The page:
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This collapsible camera (the lens collapses into the body to make it more compact) takes 127 film using a 5 cm lens. The specimen I have has a Gewironar f/4.5 lens, marked "Wirgin Wiesbaden". It has a 3-speed Vario shutter (1/25, 1/50, 1/100 plus T & B). The camera is interesting in that the entire top of the camera comes off to load and unload film; there's a winding knob (marked "F") on the left, and a latch knob on the right, marked "Z" (for "zu", closed) which you turn to unlatch the top and allow it to be lifted off of the body.
The back has two red windows, covered by little spring-loaded hinged metal covers. The two windows are used together to locate the next frame to expose, by first lining up the exposure number in the right-hand window, then by lining the same exposure number up in the left-hand window (the film winds from right to left). This gives 16 exposures on a roll of film.
The lens is a triplet, with the front element on a helix to focus (down to 3 feet).
The camera has "GERMANY" stamped in the vulcanite on the back, and the focus scale is marked in feet, so I assume it was made for export. (I obtained the camera recently in the United States.) It also has the standard American thread for the tripod mount (1/4") as opposed to the European standard 3/8".
The camera's name Gewirette (Ge-wir-ette) is derived from the company name Gebr. Wirgin (Gebrüder Wirgin = Wirgin Brothers).
During its production times, there are some technical and cosmetic variations of the camera:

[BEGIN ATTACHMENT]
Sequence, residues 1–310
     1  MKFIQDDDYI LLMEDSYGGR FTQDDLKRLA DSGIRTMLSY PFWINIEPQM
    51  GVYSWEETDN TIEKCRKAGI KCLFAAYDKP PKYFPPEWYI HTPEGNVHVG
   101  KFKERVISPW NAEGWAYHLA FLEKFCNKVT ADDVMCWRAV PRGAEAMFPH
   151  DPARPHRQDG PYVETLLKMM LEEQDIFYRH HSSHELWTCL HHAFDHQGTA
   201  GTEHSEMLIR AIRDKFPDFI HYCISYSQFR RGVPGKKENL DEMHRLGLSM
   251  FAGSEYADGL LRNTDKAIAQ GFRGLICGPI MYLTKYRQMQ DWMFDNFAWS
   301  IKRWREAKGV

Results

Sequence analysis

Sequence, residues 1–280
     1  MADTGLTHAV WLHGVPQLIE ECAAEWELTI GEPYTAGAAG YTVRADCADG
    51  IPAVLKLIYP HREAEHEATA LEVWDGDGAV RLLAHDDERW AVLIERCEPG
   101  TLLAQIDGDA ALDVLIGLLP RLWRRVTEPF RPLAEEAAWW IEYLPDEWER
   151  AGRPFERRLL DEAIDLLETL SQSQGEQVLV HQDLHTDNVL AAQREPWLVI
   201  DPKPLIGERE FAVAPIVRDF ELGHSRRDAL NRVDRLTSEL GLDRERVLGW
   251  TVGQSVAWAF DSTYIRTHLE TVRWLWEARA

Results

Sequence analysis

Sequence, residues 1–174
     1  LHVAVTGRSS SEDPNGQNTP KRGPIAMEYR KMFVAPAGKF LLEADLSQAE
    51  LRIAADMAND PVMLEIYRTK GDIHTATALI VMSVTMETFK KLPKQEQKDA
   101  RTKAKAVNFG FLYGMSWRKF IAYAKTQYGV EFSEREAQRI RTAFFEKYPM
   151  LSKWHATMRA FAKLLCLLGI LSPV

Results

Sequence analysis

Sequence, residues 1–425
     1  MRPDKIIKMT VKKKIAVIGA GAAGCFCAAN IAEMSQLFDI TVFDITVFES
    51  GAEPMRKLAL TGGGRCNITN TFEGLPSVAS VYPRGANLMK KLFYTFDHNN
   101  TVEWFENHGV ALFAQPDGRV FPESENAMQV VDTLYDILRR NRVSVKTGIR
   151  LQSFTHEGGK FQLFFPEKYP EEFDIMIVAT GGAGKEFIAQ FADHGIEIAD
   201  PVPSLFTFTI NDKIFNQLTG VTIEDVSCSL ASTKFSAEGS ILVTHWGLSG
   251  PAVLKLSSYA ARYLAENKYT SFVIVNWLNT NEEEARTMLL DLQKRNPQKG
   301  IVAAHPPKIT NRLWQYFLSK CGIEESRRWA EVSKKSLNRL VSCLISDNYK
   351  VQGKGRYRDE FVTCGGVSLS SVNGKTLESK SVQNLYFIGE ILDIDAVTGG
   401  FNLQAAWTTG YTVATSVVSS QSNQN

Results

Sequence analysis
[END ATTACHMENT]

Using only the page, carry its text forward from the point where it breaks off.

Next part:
- Gewirette 1932: It looked like a smaller version of the 35mm Edinex, but takes 3x4cm frames. It has black body or nickel lens plate and the finder is in the center of the top plate. There are many lens-shutter combinations. Many cameras are nameless. It was also sold as Reporter which has a gold top and lens finish.
- Gewirette 1936: This model still has black body like Gewirette 1932, but now the finder is off center and has cold-shoe. There are many lens-shutter combinations. It was also sold as Miniature Marvel in UK.
- Gewirette 1937: This later model Gewirette has nickel body, but some cameras still has black top plate and some has coloured lens front. Some have helical focusing. There are many lens-shutter combinations. Many cameras are nameless and some are marked Adox on back and it was also sold as Adoxette. 
Notes and referencesEdit
- ↑ McKeown's p.1011
- ↑ This camera is also known as Klein-Edinex (small Edinex). This was the same camera as the Gewirette. We can find no original advertising with the Klein-Edinex name, but it has appeared in some collector publications. McKeown's p.1012